“They played my song at the very beginning and at the end,” the artist said of her heartfelt song. “They actually had an ABC News moderator and his last question to Dr. Fauci was “we all heard the song ‘Hope’ earlier, what is your message of hope?”

Being connected to the two crises has made its impact.

“It was really beautiful to have my song set the theme through the whole event,” McKeon continued. “When I first wrote it, I was sobbing. Then after working on it every day for like a month to get this project done, I sort of lost the power in it. Then seeing it played in that event and the comments of all the people who got together and see them moved by the song was powerful again.”

While the East Coast may be her current home, as McKeon speaks her thoughts and sentiments often return to her small town roots and her passion and appreciation for the community of Oakdale. A place which she shared she feels has been instrumental in her continued success. From her musical family, to the influence of her piano teacher Mrs. Faust, to the scholarships she received from the Heidi Brunk Memorial Scholarship and the Follow your Dreams scholarship from Todd Medema.

“A huge thank you to the Brunk family for being such huge supporters,” she said, noting recognition from non-family members via scholarships as confidence builders. “It meant so much. The community in Oakdale is so overwhelmingly supportive. It’s all so meaningful.”

As with the rest of the world however, the pandemic has put McKeon’s post college career plans on hold for a bit. Currently she teaches music lessons via Zoom, as well as works as a server at a piano/jazz bar.

Yet music remains a part of her life every day. McKeon shared she writes songs daily. A love for good writing she accredits to her father who exposed her to great song writers at a young age.

Recognizing the power of her talent and art has given her a great gratitude and a feeling that indeed she can touch the world.

“It is a way of my purest form of expression that I can access. When I’m playing music or creating music or listening to music that’s when I feel the most myself.”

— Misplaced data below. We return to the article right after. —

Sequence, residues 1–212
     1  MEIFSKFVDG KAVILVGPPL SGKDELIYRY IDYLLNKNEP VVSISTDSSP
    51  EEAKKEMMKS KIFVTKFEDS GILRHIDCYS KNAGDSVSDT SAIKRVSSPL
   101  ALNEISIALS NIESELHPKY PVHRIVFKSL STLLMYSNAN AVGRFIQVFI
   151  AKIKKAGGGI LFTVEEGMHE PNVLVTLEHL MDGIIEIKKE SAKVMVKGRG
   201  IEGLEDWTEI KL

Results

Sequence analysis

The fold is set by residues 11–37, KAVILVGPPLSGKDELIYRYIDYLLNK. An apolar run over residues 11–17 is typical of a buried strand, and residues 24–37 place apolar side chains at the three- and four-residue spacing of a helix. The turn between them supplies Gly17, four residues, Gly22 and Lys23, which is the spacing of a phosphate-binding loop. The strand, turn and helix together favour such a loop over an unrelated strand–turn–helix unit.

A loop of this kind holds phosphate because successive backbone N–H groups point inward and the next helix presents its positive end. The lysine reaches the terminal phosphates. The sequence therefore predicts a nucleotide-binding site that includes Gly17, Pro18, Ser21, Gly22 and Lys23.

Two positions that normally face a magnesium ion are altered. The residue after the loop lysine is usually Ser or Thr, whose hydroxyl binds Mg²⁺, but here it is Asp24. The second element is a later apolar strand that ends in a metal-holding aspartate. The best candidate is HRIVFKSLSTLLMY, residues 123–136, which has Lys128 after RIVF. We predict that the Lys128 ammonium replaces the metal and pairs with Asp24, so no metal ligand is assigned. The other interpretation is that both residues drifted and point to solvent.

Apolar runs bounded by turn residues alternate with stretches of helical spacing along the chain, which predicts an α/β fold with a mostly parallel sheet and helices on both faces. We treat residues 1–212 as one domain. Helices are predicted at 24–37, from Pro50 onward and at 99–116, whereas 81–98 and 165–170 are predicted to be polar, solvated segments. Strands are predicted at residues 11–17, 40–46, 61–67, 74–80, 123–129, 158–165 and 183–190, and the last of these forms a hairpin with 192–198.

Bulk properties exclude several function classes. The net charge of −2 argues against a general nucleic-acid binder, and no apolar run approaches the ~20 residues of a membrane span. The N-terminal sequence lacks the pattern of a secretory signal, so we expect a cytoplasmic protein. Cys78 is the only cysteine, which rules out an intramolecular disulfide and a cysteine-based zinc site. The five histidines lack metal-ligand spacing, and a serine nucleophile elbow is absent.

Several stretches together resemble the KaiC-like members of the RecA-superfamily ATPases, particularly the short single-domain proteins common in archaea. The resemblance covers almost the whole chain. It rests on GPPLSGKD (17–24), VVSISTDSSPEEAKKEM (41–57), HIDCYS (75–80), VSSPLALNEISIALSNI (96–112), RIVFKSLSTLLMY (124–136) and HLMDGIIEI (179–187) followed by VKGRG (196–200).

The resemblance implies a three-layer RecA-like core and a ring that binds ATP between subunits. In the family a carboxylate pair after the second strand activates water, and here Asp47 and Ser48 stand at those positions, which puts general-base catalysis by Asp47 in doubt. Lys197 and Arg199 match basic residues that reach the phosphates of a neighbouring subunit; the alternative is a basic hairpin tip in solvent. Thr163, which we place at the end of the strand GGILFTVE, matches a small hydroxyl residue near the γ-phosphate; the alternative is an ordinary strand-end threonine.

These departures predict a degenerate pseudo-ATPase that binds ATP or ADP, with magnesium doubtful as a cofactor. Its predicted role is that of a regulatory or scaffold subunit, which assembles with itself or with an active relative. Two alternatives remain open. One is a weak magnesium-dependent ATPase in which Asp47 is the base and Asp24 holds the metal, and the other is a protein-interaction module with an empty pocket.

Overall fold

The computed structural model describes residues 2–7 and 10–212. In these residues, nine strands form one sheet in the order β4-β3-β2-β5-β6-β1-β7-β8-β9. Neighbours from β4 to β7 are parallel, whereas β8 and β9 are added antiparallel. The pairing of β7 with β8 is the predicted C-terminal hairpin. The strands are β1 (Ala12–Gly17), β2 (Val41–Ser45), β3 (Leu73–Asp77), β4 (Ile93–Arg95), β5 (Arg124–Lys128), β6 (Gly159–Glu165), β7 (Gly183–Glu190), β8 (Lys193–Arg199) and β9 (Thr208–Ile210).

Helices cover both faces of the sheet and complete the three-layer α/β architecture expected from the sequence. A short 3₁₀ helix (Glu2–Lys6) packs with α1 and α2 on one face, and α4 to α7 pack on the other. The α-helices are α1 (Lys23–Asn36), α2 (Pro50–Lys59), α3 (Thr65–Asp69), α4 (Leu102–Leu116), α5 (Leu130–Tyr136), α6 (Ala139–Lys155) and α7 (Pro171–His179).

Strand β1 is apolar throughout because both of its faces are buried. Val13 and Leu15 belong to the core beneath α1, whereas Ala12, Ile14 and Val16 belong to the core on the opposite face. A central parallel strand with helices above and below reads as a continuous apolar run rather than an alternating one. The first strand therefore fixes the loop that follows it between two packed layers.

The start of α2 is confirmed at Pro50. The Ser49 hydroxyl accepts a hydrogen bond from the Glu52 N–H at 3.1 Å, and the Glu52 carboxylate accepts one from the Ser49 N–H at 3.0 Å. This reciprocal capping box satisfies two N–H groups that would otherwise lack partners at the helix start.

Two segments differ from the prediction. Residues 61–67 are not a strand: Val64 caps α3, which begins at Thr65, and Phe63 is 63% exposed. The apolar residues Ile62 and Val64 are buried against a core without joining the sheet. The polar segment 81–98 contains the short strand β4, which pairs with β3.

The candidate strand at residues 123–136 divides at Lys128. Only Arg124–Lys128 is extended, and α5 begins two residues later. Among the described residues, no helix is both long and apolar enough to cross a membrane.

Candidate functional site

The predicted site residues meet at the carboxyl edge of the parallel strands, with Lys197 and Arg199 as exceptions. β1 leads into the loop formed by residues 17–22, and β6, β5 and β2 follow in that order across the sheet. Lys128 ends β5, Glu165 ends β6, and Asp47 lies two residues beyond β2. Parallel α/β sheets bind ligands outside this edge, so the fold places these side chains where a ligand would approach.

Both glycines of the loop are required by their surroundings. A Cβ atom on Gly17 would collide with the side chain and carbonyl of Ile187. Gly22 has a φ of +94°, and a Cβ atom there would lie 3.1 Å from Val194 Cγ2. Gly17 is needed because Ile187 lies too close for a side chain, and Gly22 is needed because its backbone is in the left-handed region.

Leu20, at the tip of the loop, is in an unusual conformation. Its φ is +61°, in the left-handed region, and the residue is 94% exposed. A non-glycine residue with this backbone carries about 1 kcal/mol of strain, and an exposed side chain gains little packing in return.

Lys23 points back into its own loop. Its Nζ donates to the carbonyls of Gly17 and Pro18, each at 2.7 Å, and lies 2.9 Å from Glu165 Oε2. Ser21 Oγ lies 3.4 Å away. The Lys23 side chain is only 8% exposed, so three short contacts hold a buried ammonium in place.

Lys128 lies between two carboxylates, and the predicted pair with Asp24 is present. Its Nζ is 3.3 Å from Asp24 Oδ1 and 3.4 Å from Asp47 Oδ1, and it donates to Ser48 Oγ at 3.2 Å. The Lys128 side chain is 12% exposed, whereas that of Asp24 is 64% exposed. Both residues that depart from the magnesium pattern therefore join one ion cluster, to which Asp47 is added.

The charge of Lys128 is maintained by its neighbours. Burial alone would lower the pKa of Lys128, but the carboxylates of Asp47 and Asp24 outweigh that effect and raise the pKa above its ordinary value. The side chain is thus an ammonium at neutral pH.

The songwriter noted she often doesn’t know her own thoughts or feeling until they find their way onto the page via song writing. As is evident in the song ‘Hope’ the musician’s thoughts are often relatable to a large audience from varying backgrounds.

“I just felt this huge sense of hope, because pretty much everybody in the country was fighting so passionately for what they believed in. As terrible as this year has been, there have been such huge signs of hope and of community,” McKeon said. “I think the fact that it resonates with so many people no matter what beliefs or political affiliations or religion or location, is really powerful. Because we all feel a sense of hope. I think we have, despite our miscommunications with each other, a shared goal for peace and forward momentum and a beautiful world to all live in. I think it makes everybody seem a lot more human. I believe in human goodness.”

McKeon has hopes to relocate to Los Angeles or New York once the pandemic subsides to pursue a career in writing for film, television and music licensing. She shared she would love to do that and maintain her independent music/original music projects. She has a single set to be released in January.

Those interested in following what’s next for McKeon may do so by visiting as well as finding her on Facebook and YouTube.